Patrons sociolinguistiques chez trois générations de locuteurs acadiens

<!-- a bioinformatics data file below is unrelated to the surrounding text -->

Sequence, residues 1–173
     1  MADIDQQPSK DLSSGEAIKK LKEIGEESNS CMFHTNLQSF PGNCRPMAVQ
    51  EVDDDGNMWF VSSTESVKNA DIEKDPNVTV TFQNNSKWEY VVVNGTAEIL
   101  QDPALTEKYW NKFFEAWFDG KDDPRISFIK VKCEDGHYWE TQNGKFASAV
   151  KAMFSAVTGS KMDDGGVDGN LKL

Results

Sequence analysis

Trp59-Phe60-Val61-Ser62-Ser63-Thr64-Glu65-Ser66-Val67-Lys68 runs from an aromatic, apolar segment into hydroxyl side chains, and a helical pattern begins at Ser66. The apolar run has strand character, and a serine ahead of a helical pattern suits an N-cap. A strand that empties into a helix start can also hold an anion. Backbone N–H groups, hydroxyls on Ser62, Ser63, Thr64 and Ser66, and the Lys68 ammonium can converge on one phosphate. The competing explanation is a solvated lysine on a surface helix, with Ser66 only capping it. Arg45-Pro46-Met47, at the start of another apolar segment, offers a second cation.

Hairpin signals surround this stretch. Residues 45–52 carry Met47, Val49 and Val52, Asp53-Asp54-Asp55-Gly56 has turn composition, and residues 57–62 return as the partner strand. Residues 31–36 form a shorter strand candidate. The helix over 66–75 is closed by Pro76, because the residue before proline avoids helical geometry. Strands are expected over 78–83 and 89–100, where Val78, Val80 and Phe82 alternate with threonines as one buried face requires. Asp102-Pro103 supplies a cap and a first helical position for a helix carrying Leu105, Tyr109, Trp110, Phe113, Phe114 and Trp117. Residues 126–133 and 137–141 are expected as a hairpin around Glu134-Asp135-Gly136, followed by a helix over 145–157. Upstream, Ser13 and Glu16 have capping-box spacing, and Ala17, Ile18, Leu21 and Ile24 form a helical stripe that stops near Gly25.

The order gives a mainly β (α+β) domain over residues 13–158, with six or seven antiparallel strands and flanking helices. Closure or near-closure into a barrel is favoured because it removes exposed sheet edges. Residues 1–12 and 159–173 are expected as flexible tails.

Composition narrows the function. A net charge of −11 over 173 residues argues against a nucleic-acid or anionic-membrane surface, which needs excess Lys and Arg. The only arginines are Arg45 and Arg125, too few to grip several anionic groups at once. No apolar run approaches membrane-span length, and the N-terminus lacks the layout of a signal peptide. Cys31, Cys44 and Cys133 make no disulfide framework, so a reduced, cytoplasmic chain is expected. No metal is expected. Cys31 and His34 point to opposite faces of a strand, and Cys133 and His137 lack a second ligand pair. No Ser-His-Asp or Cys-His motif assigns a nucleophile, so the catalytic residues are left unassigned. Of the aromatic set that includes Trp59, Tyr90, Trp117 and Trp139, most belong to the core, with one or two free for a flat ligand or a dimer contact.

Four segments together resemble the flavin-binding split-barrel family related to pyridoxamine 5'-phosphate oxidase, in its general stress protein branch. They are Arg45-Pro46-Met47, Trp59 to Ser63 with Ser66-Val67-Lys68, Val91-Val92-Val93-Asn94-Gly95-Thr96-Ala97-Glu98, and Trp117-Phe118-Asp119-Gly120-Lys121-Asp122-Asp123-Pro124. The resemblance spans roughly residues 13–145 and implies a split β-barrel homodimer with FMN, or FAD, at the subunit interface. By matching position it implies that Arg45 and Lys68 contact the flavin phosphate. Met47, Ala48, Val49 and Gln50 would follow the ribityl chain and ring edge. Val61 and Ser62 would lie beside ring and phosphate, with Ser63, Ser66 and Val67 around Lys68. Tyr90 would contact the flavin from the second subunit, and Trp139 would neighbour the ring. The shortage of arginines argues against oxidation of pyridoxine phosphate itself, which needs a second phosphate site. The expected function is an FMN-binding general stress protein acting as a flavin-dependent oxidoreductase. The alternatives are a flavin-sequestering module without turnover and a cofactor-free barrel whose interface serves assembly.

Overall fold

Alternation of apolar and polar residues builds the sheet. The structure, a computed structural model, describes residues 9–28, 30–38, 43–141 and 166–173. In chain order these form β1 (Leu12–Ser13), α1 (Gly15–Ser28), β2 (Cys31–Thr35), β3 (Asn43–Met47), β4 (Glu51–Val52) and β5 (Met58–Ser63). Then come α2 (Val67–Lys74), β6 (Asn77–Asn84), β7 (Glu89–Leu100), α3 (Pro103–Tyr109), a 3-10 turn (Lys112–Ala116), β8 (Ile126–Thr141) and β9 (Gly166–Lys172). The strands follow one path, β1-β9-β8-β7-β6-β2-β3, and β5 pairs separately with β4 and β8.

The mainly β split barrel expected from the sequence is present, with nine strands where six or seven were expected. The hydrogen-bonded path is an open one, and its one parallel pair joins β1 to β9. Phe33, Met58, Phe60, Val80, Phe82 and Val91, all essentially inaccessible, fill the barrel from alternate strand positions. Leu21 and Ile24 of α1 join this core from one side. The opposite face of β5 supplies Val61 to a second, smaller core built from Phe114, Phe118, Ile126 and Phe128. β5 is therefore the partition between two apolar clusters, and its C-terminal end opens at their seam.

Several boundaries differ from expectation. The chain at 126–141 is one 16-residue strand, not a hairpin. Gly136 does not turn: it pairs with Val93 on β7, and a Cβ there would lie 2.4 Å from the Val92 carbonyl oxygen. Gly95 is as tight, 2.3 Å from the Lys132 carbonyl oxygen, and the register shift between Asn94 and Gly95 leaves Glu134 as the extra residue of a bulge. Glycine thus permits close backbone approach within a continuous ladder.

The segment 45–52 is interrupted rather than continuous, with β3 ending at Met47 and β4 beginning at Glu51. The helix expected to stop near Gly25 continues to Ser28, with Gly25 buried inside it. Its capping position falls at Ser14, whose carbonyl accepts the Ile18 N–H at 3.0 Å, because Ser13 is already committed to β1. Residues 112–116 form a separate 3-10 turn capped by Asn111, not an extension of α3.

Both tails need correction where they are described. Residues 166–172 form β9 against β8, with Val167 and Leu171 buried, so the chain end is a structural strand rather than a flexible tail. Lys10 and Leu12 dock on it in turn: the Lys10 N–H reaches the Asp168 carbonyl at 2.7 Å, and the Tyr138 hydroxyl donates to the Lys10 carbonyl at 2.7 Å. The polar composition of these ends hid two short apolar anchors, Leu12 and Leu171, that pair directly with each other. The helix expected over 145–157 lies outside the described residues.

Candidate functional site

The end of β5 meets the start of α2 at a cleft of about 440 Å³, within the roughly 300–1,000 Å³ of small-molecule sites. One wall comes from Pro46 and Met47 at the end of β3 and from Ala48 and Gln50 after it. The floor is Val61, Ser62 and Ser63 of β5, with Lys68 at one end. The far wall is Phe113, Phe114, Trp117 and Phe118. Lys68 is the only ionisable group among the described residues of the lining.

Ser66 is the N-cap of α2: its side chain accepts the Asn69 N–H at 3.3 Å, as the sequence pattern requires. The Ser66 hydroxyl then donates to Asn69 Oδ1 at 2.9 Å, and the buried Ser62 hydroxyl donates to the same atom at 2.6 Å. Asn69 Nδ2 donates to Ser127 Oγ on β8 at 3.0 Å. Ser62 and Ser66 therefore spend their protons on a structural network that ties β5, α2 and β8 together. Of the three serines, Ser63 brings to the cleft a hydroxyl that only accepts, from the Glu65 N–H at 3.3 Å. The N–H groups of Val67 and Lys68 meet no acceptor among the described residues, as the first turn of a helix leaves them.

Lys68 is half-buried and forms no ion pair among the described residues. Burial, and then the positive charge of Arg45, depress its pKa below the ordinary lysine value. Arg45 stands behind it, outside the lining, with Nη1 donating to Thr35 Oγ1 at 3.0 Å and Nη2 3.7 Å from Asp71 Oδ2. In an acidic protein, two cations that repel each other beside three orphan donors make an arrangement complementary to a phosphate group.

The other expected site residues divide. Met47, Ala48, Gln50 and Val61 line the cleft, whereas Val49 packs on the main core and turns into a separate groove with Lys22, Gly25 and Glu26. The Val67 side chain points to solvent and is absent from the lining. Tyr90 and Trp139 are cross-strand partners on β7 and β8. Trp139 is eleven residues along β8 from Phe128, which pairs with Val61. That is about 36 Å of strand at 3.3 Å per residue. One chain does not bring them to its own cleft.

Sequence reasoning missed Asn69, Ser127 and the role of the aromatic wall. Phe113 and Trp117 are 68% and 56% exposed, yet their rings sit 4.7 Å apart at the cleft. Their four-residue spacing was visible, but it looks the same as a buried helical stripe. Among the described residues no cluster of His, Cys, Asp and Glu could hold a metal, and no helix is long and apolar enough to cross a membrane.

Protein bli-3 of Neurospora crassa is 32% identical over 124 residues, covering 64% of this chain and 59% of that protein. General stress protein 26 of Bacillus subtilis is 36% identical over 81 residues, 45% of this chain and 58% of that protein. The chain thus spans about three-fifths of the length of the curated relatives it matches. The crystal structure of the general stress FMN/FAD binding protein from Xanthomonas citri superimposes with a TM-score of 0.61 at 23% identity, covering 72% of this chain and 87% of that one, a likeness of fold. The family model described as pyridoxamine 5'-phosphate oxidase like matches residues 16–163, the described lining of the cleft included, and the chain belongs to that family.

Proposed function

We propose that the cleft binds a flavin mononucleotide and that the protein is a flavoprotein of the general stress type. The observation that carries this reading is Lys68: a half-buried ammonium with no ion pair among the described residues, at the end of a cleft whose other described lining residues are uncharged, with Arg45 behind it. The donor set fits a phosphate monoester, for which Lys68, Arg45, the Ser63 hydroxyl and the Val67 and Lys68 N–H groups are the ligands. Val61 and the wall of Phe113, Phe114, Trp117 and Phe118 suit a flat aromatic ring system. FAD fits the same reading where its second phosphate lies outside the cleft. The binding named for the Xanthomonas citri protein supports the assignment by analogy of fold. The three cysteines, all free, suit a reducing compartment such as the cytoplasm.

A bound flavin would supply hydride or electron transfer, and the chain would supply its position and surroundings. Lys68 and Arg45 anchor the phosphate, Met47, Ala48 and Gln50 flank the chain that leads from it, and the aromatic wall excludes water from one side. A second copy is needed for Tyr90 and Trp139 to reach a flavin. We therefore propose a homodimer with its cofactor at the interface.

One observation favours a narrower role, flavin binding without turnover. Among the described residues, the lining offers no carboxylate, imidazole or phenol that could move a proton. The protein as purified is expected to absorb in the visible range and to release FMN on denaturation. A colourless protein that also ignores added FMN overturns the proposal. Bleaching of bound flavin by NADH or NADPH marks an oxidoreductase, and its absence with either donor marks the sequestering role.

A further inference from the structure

Verbs in Acadian French mark third-person-plural subject-verb agreement with the traditional suffix -<i>ont</i>, that is realized by the nasal vowel /õ/ (<i>les enfants i-jou-ont</i> “the children play”), as well as by the zero morpheme that is generally found in contemporary French and that is represented in writing as -<i>ent</i> (<i>les enfants i-jou-ent, les enfants jou-ent</i>). This study reports on variation in the use of these forms by three generations of speakers from northeastern New Brunswick (Canada) and addresses Labov’s “transmission problem”: how children learn to talk differently from their parents, and yet in the same direction, over several generations. Data from a stratified corpus of 16 adult speakers show an ongoing change: the zero morpheme is replacing the traditional -<i>ont</i> suffix. The main external factor that conditions this variation is social network: speakers with closed affi liation networks tend to conserve the traditional variant while those who have open networks use the zero morpheme almost exclusively. Among closed network speakers there is a significant age-by-gender interaction: older males have the highest frequencies of occurrence of the traditional -ont variant followed by younger females; younger males and older females have the lowest frequencies. The main internal conditioning factor is verb class, where classes are arranged according to the number of bases or stems. Verb classes with a small number of bases (for example, <i>arriver</i> “to arrive”, appeler “to call”) are more likely to be associated with conservation of the traditional suffix, while those with larger numbers of stems (including verbs such as avoir “to have”, aller “to go”, <i>faire</i> “to do” that have suppletive forms) are less likely. The corpus of children’s data includes recordings made with 24 speakers in three age groups (3–5, 7–9 and 10–12 years of age). The distribution of the traditional -<i>ont</i> suffix with respect to social network is the same as that found among adults: as early as 3 to 5 years of age, children from families with closed networks use the traditional form almost exclusively while those from open network families use it infrequently, favouring the zero morpheme. However, among all children from closed network families, the frequency of use of the traditional variant is considerably higher than among adult speakers. Furthermore, unlike the pattern observed for adult speakers, there are no significant gender differences at any age level. With respect to the “transmission problem” the results show that the verb class constraint that is formulated by children is not identical with adults’ patterns, but it does resemble more closely the model of adult women speakers than that of adult male speakers. Interestingly, the process of re-structuring the internal constraint on the traditional –<i>ont</i> suffix variation begins relatively late (in the 10–12 year group) when compared with ages reported for the acquisition of constraints on phonological variation. The results of this study provide evidence for a complex picture of the acquisition of sociolinguistic competence; the acquisition of social and linguistic constraints on variation does not follow a clear linear order where social patterning is acquired before (or after) linguistic constraints.